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Milling and turning are daily operations in CNC machining workshops. Both technologies use cutting tools to remove material from solid blocks to make 3D parts. Material removal is a method of classifying them as a subtractive manufacturing process, but there are key differences in these operations.
Turning means that the workpiece rotates around the central axis. The cutting tool remains stationary and moves into and out of the workpiece for cutting. Turning is used to create cylindrical parts and cylindrical derivatives; for example, think of parts shaped like baseball bats, shafts, railings, and uprights.
The chuck holds the workpiece in the center of the rotating spindle. The base is fixed with a cutting tool so that it can move along the axis of the workpiece and enter and exit radially. Feed and speed depend on the rotation speed of the part, the radial cutting depth and the speed of the tool moving along the workpiece axis.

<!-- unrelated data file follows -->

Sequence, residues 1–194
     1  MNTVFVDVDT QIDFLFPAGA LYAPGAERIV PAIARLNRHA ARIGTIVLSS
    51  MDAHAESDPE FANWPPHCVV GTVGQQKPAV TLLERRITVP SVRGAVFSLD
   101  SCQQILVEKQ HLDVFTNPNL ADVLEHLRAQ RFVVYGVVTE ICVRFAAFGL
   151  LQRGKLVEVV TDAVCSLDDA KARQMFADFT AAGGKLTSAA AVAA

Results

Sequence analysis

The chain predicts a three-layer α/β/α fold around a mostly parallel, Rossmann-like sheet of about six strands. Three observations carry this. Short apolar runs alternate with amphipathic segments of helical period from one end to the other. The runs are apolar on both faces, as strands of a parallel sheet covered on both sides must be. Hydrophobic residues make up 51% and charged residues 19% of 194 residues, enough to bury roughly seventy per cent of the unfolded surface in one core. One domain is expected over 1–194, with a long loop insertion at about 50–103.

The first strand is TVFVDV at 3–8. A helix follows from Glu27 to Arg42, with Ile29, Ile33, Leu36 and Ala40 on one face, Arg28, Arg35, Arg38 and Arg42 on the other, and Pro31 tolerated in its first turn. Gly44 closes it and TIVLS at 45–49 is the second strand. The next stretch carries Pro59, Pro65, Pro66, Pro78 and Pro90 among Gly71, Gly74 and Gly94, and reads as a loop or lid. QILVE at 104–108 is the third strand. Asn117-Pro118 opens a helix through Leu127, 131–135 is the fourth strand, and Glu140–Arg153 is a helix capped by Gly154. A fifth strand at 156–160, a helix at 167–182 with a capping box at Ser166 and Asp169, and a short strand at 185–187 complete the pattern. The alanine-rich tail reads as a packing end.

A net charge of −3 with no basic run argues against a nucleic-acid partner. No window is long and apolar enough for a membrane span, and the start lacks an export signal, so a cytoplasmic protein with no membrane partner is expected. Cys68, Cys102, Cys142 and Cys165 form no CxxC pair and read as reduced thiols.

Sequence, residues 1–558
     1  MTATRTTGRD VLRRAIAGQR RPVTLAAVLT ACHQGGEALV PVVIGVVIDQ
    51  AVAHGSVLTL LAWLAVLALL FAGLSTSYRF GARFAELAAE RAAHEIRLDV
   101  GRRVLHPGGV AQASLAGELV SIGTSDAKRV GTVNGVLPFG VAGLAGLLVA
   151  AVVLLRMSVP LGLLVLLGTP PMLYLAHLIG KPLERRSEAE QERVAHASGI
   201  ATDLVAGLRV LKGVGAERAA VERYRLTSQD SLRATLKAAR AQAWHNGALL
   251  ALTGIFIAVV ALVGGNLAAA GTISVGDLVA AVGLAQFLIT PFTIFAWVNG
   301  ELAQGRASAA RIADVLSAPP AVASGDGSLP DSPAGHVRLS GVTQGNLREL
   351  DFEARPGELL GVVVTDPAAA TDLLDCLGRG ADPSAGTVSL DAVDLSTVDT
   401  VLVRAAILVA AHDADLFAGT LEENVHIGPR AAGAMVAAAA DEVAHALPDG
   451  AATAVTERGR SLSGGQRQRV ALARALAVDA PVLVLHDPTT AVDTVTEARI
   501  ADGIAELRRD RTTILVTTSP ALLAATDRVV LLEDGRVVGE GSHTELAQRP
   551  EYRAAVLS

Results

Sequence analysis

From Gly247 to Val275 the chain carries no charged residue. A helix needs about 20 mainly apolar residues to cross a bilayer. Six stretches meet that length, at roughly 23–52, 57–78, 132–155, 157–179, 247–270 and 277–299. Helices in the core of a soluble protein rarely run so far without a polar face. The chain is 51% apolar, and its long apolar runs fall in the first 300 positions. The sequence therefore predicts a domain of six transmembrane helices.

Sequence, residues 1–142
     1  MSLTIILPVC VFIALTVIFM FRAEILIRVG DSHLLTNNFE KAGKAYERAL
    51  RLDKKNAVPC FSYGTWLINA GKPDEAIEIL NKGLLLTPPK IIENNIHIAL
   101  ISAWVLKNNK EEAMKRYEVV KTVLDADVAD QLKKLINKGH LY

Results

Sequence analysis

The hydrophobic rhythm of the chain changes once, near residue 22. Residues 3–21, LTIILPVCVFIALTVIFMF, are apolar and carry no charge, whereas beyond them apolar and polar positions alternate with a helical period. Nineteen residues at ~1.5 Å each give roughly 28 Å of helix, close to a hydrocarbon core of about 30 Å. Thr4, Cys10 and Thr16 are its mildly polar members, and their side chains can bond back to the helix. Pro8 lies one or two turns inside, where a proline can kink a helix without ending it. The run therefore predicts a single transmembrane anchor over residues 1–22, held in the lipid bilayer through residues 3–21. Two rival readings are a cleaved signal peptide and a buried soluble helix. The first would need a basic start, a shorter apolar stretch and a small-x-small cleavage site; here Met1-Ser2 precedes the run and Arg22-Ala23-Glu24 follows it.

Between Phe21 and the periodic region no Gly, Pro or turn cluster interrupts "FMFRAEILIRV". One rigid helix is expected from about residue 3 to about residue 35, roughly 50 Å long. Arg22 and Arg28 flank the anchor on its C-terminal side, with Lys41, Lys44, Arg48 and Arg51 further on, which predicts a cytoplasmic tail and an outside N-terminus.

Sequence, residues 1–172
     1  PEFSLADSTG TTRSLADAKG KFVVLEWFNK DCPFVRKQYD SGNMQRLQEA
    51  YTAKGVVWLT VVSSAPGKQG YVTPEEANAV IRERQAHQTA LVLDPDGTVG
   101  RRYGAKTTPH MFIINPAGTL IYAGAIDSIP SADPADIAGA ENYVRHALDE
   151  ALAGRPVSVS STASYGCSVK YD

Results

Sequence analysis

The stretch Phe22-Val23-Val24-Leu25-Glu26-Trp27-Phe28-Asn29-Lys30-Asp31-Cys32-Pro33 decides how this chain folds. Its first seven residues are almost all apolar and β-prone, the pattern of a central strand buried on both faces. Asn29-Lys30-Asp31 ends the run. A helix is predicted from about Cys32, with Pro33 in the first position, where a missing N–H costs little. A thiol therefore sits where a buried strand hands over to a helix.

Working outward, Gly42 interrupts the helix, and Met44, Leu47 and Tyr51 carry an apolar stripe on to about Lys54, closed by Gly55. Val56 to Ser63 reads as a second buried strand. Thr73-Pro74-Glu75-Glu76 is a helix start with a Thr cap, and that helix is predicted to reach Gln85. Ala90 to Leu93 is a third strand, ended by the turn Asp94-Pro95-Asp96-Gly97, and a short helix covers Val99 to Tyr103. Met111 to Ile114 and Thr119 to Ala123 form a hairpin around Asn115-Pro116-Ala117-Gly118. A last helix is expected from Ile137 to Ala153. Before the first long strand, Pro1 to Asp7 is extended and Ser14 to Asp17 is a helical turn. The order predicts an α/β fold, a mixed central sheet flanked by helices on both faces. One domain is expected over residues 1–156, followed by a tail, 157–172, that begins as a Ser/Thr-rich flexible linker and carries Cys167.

Turning operations include OD and ID cutting and grooving, boring, chamfering and drilling. Since the cutting tool applies force to the workpiece in a direction perpendicular to the axis of the workpiece, it is important to support the workpiece to reduce deflection.
On the other hand, in the milling operation, the cutting tool rotates, and at the same time firmly fixes the workpiece to the table.
The cutting tool or worktable can be moved orthogonally in the X, Y, or Z directions for cutting. Milling can produce more complex shapes than turning. It can even produce cylindrical shapes, but in order to save costs, it is best to leave these shapes to the lathe.
In CNC milling part machines, the chuck holds the tool in a rotating spindle. The tool is moved relative to the workpiece to create a pattern on the surface of the workpiece. The feed rate and speed are calculated based on the rotation rate of the cutting tool, the diameter and cutting edge number of the cutting tool, the cutting depth, and the rate at which the cutting tool moves on the part.
The limitation of milling involves whether the tool can enter the cutting surface. Using longer and thinner tools can improve the operating range, but these tools may be skewed, resulting in poor machining tolerances, poor surface finish, and more tool wear. Some advanced milling machines have articulated joints that can perform angle cutting and improve operability.
Both turning and milling operations can be used to create complex parts. The main difference is the shape of the final part. For cylindrical parts, please turn. For most other parts, milling works best.